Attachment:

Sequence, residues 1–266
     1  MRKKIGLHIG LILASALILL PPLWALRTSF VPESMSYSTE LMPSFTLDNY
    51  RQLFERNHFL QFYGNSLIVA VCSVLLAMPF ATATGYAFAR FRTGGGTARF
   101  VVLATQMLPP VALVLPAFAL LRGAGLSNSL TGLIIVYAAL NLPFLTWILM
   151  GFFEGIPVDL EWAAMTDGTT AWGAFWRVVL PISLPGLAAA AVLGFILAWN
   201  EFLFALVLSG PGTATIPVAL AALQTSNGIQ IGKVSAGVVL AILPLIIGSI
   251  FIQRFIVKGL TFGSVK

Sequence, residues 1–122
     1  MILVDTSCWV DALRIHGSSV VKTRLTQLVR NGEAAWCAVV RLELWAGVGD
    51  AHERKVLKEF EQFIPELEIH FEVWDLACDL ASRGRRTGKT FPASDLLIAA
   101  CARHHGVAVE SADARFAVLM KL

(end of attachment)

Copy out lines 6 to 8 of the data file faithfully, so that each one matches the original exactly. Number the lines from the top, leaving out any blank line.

   201  EFLFALVLSG PGTATIPVAL AALQTSNGIQ IGKVSAGVVL AILPLIIGSI
   251  FIQRFIVKGL TFGSVK

Sequence, residues 1–122